He has a touch chin. Against Cotto, who matched him at weigh-in but probably outweighed him on fight night by at least 8 pounds, Pacquiao took some big left jabs and left hooks (the best punch for both fighters) and never seemed dazed. He didn't exactly exit the fight looking like he was going to do any magazine covers, but he didn't ever seem like he was at risk of going down. A boxer who takes some big punches adds to the drama of the fight.
He has the power to do damage. Despite moving up 7 weight classes, Pacquiao was able to tenderize De La Hoya and Cotto's faces like Mario Batali working over a pork chop, and the only reason Hatton didn't look worse was that he got KO'd so early.
Here's my anecdotal evidence in support of Pacquiao's superiority over Mayweather in a purse split. I had lots of people over to my place to watch both Mayweather-Marquez and Pacquiao-Cotto. After the Mayweather fight, we were all so disappointed that I felt compelled to put on DVDs of fights from various martial arts movies to appease the bloodthirsty mob, so to speak. After the Pacquiao fight, the mob was satisfied, and we all drank wine and recounted the best moments from the fight.
I'm actually concerned that Pacquiao-Mayweather won't be as entertaining as Pacquiao's last several fights. I'd foresee Mayweather would be a slight favorite among experts given his unblemished track record and size advantage. You can see Mayweather tagging Pacquiao a few times, as fighters like Cotto have done, and then having the speed and elusiveness to just back off and win on points. The fight would go the distance, Pacquiao would be the crowd favorite, but Mayweather would win on points sending the crowd into outrage given Mayweather's tactics (I'd be at home trying to tear my plasma off the wall and throw it off my balcony).
In the post-fight interview, Larry Merchant would ask Mayweather point blank if he really deserved to win given his lack of aggression, followed by Mayweather punching Merchant out, grabbing the mike, and shouting to the crowd, "You all can kiss my ass!" Sugar Shane Mosely would then appear out of nowhere to clock Mayweather with a cheap shot, starting an all-out brawl in the ring, and Derek Jeter would spring out of his front row seat to enter the ring to play peacemaker.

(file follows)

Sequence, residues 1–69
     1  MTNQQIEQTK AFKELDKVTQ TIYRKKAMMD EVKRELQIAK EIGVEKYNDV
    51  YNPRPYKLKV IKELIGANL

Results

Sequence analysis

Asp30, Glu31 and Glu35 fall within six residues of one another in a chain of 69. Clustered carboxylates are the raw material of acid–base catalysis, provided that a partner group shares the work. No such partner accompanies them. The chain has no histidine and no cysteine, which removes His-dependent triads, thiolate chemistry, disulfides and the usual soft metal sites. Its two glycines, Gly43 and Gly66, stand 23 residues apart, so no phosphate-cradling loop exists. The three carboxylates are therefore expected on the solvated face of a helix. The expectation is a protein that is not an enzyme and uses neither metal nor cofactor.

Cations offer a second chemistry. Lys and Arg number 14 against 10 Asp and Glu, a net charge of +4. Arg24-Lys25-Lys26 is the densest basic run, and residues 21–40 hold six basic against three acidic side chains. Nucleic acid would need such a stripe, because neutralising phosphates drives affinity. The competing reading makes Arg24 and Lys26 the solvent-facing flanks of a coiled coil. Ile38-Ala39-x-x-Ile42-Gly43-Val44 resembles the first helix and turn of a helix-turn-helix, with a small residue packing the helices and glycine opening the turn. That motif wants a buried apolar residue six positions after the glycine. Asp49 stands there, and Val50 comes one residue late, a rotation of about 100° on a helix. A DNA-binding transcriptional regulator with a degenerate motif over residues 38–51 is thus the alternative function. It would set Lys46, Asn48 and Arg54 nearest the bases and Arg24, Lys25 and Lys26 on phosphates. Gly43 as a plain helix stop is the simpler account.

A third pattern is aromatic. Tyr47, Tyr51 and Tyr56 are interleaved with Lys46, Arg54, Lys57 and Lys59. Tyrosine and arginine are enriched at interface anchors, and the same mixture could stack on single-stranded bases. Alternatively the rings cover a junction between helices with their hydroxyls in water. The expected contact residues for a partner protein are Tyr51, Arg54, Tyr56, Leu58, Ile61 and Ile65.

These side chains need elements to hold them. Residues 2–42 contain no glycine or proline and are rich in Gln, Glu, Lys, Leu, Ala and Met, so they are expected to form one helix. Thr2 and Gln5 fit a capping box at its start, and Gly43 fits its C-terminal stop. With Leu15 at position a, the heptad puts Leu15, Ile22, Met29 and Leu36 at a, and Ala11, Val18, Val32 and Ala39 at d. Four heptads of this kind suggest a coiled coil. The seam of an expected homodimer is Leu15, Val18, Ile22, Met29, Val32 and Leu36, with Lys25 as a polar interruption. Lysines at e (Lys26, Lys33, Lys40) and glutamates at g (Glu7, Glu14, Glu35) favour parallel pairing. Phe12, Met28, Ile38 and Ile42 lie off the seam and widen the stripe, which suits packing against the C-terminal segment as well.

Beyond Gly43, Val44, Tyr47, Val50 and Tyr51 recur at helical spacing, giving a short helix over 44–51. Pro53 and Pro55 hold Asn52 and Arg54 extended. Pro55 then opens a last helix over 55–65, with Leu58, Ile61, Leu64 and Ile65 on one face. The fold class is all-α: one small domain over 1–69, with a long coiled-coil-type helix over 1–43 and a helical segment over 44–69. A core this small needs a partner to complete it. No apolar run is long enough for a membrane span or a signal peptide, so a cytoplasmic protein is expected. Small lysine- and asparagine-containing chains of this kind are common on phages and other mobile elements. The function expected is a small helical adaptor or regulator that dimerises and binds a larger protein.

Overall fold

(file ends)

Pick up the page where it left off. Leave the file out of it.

Maybe I'm talking myself into the entertainment value of this fight after all.
Mira and I saw Dudamel conducting the LA Philharmonic in Verdi's Requiem last Thursday night. After the show, as we were walking out, two women approached and one of them asked if she could interview us. She was from the Christian Science Monitor.
I suspect we were picked out for being the only two people in the crowd who didn't appear old enough to collect social security checks. Apparently Verdi's Requiem just doesn't bring out the kids like it used to.
We ended up quoted at the end of this short online piece. Well, "quoted" should be qualified. Those weren't exactly our words, despite her use of a tape recorder. It's more like she took some of our thoughts and summarized them, then bracketed them with quotation marks.
A few bars into the opening of Verdi's Requiem, one of the more haunting openings in the canon, someone's cell phone went off. After it rang twice, Dudamel dropped his arms and brought the piece to a halt, and the crowd of septuagenarians let out a bile-filled hiss. I tried to see who it was but never identified the person.
Having my cell phone go off in the midst of a quiet performance--a play, a classical music performance, a book reading, to name a few--is one of my greatest fears. Even after I've turned off my phone I check it at least three or four times during a show. Someone just lived out my greatest fear that night.
To those who wonder if the Madden Football video game teaches one anything about real life coaching, exhibit A is the New England Patriots. Their offense resembles the way I play offense in Madden. Spread the field with a lot of wideouts, put my QB in the shotgun, and put the defense under constant attack all over the field, perhaps tossing in a no-huddle for added duress. Look for Moss deep in single coverage, then check down to Watson on a deep in or hit Welker dragging shallow across the middle. The Colts and Cardinals are well-suited to that style of offense in Madden, also.